South Africa, faced with declining foreign exchange reserves, felt compelled in June 1961 to introduce restrictions on outward movements of capital. South African residents were no longer permitted to purchase South African or Rhodesian securities on the London or Bulawayo stock exchanges, and the proceeds of South African securities sold by nonresidents were blocked and could neither be transferred abroad nor transferred to other nonresidents. The authorities also withdrew the facility by which certain blocked funds of residents of countries outside the Sterling Area could be transferred to the United Kingdom for credit to a Blocked Sterling Account, where their sale to another nonresident for foreign exchange was possible. In March 1962 an improvement in reserves enabled the South African authorities to introduce certain relaxations: holders of blocked funds were permitted to subscribe to a special issue of five-year nonnegotiable government bonds, bearing interest at 5 per cent and repayable in foreign exchange in five annual installments from the date of subscription. For 1962, the amount of this issue available for subscription was fixed at R 20 million. In addition, facilities were introduced by which approved financial institutions in South Africa could purchase South African securities in London through the South African Reserve Bank as intermediary.

Regional Agreements

The six member countries2 of the European Economic Community (EEC) made further progress in the integration of their economic policies, as well as in the gradual elimination of trade barriers within the Community, as envisaged by the Treaty of Rome.

On January 14, 1962, the Council of Ministers of the EEC unanimously decided that the conditions for the beginning of the second stage of the implementation of the Treaty of Rome were fulfilled on January 1, 1962. Important consequences of this decision are that from this date internal taxes on imports from other EEC member countries must not be higher than those on similar national products, and customs duties on such imports will be further reduced. Remaining quantitative restrictions on imports from other EEC member countries are to be reduced, while taxes and quantitative restrictions on exports to them have been abolished, and further steps will have to be taken to move toward a common external tariff. In addition, a common agricultural policy is to be implemented from July 1, 1962, and a common market for agricultural products is to be fully achieved by the end of 1969.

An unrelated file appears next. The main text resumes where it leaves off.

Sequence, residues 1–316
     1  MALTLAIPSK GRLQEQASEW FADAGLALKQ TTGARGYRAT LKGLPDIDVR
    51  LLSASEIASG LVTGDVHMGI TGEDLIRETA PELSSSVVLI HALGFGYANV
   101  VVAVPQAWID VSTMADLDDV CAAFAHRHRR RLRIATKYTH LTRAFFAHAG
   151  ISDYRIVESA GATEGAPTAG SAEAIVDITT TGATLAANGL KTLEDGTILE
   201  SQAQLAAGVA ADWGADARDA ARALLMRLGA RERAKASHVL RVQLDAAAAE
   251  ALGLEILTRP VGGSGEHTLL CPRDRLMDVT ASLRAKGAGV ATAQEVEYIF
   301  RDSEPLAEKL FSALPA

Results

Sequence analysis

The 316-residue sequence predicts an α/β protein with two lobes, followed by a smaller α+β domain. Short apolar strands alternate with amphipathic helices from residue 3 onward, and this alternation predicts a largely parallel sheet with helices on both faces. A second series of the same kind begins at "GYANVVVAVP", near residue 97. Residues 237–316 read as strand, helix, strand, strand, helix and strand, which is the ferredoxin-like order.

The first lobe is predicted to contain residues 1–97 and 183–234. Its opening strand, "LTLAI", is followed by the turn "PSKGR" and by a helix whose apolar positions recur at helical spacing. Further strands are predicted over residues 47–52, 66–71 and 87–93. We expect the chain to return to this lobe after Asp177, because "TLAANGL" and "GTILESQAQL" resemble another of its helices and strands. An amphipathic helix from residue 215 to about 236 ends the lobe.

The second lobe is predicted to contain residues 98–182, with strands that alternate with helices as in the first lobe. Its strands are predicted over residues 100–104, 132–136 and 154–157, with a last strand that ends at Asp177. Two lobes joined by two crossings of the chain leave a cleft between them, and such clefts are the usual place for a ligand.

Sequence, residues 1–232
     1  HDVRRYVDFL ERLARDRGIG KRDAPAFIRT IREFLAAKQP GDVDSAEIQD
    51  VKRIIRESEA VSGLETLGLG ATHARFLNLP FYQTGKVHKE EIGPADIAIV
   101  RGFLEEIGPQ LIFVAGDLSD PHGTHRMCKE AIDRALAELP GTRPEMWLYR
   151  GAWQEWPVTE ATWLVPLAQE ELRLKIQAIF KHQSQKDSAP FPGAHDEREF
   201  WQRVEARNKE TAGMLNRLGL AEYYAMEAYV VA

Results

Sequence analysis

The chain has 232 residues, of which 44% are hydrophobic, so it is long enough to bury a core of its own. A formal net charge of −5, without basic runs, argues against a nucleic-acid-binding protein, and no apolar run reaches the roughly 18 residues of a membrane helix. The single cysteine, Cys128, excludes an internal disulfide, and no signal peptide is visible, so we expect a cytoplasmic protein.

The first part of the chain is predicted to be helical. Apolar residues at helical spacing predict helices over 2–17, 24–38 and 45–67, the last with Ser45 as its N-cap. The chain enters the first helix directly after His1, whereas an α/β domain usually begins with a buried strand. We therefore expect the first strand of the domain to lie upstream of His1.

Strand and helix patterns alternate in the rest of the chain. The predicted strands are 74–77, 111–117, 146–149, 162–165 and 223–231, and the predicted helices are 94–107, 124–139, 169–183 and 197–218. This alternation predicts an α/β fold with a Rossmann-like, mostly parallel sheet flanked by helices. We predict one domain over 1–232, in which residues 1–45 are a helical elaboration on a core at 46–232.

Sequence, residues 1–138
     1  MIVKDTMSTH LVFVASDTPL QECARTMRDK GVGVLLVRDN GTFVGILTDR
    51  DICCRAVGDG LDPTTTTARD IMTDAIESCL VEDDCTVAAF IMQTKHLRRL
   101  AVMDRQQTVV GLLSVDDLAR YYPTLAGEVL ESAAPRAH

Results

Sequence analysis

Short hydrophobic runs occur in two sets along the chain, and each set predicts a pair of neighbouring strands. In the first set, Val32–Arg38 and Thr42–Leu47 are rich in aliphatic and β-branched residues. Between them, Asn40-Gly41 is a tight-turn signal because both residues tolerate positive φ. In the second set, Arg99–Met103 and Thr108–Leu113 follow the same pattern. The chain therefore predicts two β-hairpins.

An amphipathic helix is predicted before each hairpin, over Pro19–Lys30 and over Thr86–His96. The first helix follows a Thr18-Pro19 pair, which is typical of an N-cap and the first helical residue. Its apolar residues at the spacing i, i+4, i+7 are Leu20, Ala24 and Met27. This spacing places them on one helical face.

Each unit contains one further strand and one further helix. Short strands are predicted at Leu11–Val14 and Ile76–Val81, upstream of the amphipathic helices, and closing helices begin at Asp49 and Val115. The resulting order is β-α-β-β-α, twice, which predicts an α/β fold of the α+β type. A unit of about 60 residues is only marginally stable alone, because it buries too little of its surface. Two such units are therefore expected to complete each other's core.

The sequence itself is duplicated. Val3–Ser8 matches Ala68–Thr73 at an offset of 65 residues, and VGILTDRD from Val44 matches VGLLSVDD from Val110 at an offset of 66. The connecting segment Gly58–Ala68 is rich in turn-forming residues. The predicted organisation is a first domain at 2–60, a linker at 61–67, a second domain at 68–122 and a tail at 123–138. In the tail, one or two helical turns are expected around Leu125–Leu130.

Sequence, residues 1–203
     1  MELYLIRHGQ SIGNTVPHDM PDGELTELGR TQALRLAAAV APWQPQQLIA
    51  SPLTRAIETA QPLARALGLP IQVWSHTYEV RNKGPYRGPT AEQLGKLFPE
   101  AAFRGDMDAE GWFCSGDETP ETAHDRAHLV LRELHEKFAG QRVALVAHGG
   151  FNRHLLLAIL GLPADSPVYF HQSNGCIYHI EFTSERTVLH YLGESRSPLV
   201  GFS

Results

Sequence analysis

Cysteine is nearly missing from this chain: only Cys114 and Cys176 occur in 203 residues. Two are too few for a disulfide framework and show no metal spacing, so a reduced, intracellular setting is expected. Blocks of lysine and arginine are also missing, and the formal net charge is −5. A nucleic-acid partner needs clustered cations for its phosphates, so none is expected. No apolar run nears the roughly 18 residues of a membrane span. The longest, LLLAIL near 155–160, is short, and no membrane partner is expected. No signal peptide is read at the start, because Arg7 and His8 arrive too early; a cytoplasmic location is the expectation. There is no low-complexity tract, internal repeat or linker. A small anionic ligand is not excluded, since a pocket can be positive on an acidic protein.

An agreement for association between Greece and the EEC was signed in Athens on July 9, 1961. The following countries have applied for membership in the EEC: Ireland on July 31, 1961, Denmark and the United Kingdom on August 10, 1961, and Norway on May 2, 1962. Austria, Sweden, and Switzerland in December 1961, and Spain in February 1962, requested the opening of negotiations with the EEC with the object of enabling them to participate in an enlarged European market.

In March 1962, the United States announced the conclusion of tariff negotiations with the EEC, the United Kingdom, and 24 other countries. Concessions are expected to involve a 20 per cent cut in tariffs on imports of many industrial products.

The member countries3 of the European Free Trade Association (EFTA) have made further progress in reducing intraregional tariffs, as well as in increasing their remaining internal import quotas. Tariffs, mainly on industrial goods, which were reduced by 20 per cent on July 1, 1960, were cut by another 10 per cent on July 1, 1961, instead of January 1, 1962 as originally scheduled. The accelerated reduction was carried out in order to keep tariffs within the EFTA aligned with tariff developments in the EEC. Tariffs within the EFTA are now 30-40 per cent below the rates in force in July 1960, when the Stockholm Convention came into operation. On November 21, 1961, the Council of Ministers of the EFTA decided that a further reduction of tariffs by 10 per cent should be carried out on March 1, 1962 by Denmark, Portugal, Sweden, Switzerland, and the United Kingdom, and not later than September 1, 1962 by Austria and Norway. On July 1, 1961 the quotas remaining on imports within the EFTA area were increased by the EFTA countries by more than $30 million, which is nearly twice the minimum increase (20 per cent) required under the Stockholm Convention. The agreement of association between Finland and the EFTA, which was concluded on March 27, 1961, came into force on June 26, 1961.